In addition, 30 percent of Latinos nationwide live in Los Angeles and New York, the study said, according to the newspaper. And metropolitan Los Angeles, which includes Long Beach and Santa Ana, has 5.6 million Latinos, about 43 percent of its total population.

I love these plates

I'm a sucker for delicate little silhouettes on housewares, stationery, bedding, etc. so its not a surprise I love these - while they look like delicate little etchings on simple white dinnerware, they also celebrate the urban, the ugly, the mundane and the "eyesores" of modern cities. I think they're awesome. [via Curbed LA]

Monday, March 06, 2006

monday media

with the oscars taking up most of the local news coverage (crash? seriously? crash?!), kind of hard to find a few interesting links today. or maybe I'm just not looking hard enough. but here you go:

  • two good articles in the LA alternative this week [via archinect]: they spend an afternoon at the getty villa, and really capture the architecture, the gardens, the irony of the getty's scandals, and the "eerie" cleanliness and newness of the villa itself. they also explore the dark side of whole foods - can an employee working at whole foods afford to shop there? stan cox did a similar analysis with wal-mart back in june 2003, working on a simple premise: "In view of Wal-Mart’s vast range of merchandise and “Always Low Prices,” could a family whose breadwinner worked at the Wal-Mart Supercenter in Salina, Kansas, afford to supply its minimum needs by shopping there?" he repeats the analysis for whole foods here.
  • the british are coming! tesco, a large supermarket chain in england, is coming to california and trying to beat wal-mart at its own game. slate keeps characterizing tesco express as a convenience store, but when I lived in london, it was my go-to grocery store, and hardly seemed small (but I grew up in nyc so my perception of supermarket spaces is admittedly skewed). it had a bakery, a wine shop, fresh produce and meat and cheese and those handy semi-cooked meals you finish off with a saute. I say bring it on - I can only hope tesco succeeds where walmart has failed so miserably.
  • not LA specific - but the nytimes mag this week is the real estate issue. I haven't read it all, but it covers everything from building affordable housing, to trying to build an ecologically sound home, to the freakonomic guys' retread on their chapter on real estate agents.
  • bonus brits! my favorite british food writer finally gets his props from the new york times.
  • bonus data bites! yes! you know how much I love fun little data facts. the nytimes, reliably 6-12 months behind on sociological technology trends, discovers that some people don't actually pay for wireless - they piggyback on their neighbor's. shocking! but the article had this little gem:

Humphrey Cheung, the editor of a technology Web site,, measured how plentiful open wireless networks have become. In April 2004, he and some colleagues flew two single-engine airplanes over metropolitan Los Angeles with two wireless laptops.

The project logged more than 4,500 wireless networks, with only about 30 percent of them encrypted to lock out outsiders, Mr. Cheung said.

can I do that on my next american airlines flight?

and because I can't just post without putting in my 2 cents on the oscars. last nght's crash win and brokeback loss will go down in history as one of those monumental mistakes akin to giving the best pic oscar to driving miss daisy the same year do the right thing was released, or forrest gump instead of pulp fiction. crash, like those others, is a completely forgettable movie, notable only for its heavy handedness and melodrama. history will not be kind to that movie, while brokeback's stature will only increase with the passage of time. oh, and matteo and I agree paul haggis must have sold his soul to the devil for this career. its the only explanation.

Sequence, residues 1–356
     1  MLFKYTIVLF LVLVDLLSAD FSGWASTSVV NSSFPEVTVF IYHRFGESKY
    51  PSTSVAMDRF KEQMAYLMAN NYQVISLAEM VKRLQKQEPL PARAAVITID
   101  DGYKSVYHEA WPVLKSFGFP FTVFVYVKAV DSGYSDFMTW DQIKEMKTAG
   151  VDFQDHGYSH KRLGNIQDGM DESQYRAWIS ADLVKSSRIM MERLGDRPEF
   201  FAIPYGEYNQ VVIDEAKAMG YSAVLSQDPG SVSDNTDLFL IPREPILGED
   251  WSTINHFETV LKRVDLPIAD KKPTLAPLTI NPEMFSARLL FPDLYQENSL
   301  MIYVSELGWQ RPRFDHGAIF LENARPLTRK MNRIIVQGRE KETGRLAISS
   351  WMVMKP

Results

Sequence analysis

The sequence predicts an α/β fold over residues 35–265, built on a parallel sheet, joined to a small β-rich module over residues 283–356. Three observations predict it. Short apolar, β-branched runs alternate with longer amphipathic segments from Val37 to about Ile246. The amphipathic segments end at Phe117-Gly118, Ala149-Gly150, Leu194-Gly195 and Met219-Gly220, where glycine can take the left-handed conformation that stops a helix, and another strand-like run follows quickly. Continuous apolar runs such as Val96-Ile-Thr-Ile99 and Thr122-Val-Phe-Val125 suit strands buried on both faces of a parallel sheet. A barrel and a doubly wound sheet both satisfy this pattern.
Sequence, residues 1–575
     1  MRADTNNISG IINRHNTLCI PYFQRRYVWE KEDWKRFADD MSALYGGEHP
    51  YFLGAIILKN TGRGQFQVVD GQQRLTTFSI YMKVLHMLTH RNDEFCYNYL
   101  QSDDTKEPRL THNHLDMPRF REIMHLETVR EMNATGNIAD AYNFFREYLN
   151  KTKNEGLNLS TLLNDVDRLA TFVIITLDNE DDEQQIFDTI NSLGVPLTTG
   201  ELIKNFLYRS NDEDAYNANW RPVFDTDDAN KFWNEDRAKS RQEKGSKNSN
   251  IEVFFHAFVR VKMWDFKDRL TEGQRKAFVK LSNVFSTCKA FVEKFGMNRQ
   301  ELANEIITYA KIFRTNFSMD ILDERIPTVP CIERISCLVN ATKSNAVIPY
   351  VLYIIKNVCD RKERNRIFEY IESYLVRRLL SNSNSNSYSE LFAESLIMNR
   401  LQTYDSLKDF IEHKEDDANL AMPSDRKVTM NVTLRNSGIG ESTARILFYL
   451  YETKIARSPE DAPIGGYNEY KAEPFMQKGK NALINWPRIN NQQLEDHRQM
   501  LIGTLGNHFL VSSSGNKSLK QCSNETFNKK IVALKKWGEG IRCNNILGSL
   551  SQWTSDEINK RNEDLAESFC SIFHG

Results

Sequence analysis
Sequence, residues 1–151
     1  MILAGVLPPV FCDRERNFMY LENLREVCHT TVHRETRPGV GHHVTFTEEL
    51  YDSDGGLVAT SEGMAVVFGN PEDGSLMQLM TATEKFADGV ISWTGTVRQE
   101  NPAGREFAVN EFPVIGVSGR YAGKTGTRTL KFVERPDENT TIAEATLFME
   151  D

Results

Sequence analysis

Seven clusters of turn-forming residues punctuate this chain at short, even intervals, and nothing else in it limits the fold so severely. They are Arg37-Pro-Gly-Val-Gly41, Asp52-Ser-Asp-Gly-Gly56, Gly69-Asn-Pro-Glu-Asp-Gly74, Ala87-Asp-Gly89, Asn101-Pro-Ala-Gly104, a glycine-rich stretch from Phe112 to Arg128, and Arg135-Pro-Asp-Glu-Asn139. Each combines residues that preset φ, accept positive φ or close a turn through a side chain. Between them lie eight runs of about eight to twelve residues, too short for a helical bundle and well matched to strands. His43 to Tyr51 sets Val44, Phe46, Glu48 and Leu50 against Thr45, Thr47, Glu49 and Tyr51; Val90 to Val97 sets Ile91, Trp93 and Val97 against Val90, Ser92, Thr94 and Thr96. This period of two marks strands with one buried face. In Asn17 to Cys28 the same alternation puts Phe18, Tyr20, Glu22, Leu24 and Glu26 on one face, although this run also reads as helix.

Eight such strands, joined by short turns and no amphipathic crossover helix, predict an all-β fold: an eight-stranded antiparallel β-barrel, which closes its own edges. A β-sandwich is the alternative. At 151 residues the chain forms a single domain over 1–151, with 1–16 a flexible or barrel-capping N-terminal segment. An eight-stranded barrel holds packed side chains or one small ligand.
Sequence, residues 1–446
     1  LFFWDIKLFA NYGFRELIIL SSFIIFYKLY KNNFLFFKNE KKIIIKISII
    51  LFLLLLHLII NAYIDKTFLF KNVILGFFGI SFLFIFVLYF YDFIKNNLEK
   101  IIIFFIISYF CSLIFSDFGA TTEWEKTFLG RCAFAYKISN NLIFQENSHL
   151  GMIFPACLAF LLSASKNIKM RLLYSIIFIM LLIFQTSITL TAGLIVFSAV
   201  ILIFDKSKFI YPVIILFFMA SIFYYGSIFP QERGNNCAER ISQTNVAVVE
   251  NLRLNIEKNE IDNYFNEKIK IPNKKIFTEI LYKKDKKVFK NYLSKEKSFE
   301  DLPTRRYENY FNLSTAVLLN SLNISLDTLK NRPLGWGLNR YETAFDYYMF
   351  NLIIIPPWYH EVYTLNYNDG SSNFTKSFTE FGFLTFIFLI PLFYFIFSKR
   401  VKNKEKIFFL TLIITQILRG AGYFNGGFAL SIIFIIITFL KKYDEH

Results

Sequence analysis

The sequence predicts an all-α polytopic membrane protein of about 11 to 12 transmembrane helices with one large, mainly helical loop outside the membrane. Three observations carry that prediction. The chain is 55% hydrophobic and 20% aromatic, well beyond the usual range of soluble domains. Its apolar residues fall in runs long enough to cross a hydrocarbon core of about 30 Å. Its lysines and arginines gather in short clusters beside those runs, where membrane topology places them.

Friday, March 03, 2006

keywords that brought you here

a few of the more entertaining ones. all brad pitt mentions have been omitted:
  • watt's riots
  • predatory towing los angeles
  • sci-arc lawsuit
  • bad buildings
  • tuscan and andalusian reflections
  • kcrw fringe benefits
  • housing market book stiller
  • joe's auto park downtown los angeles
  • poured in place concrete roof fort lauderdale
  • eisenmann 's proposals for wtc, manhattan , photos
  • autocad schindler house
  • garden wedding receptions
  • industrial loft residences, culver city
  • barneys warehouse sale additional discount (if there is one, can someone please let me know?)
  • sci-arc porn star
  • felt ceiling sci-arc
  • description, purpose, intention of twa terminal by eero saarinen
  • is modernism dead
  • secret supper kcrw
  • rick schroder surfing in malibu
  • life coach interior decorator bungalow ohio
  • google earth why miami coast blackout
  • ellen degeneres bought a ranch what city
  • french horn players sunland tujunga
  • queens is the most diverse place on earth written in the new yorker magazine
  • coop boards stories
  • hispanic skateboarders
  • goliath birdeater ecology
  • godzilla vs the skateboarders
  • mexican standoff

Thursday, March 02, 2006

another day, another docent

cutting into my heavy weekend brunch and yoga schedule, I'm filling in for a docent shift on sat at the schindler house. come by for a tour between 11 and 2:30ish. admission is $7, the docent-led tour is free with admission. I give good tour. seriously.

Wednesday, March 01, 2006

what's in a name?

today's food section in the latimes included this gem, covering future restaurant openings in LA in the next few months - all in hotels. the article flirts with parody when you read the names of these places. Apparently one word names rule: Cut, Tart, West, and Sea. there's also a royale but that's a mouthful, forcing patrons to say two whole syllables. I have a feeling there may be a proportional relationship here - the shorter the name, the shorter the lifespan, but I may, um, be forced to eat my words.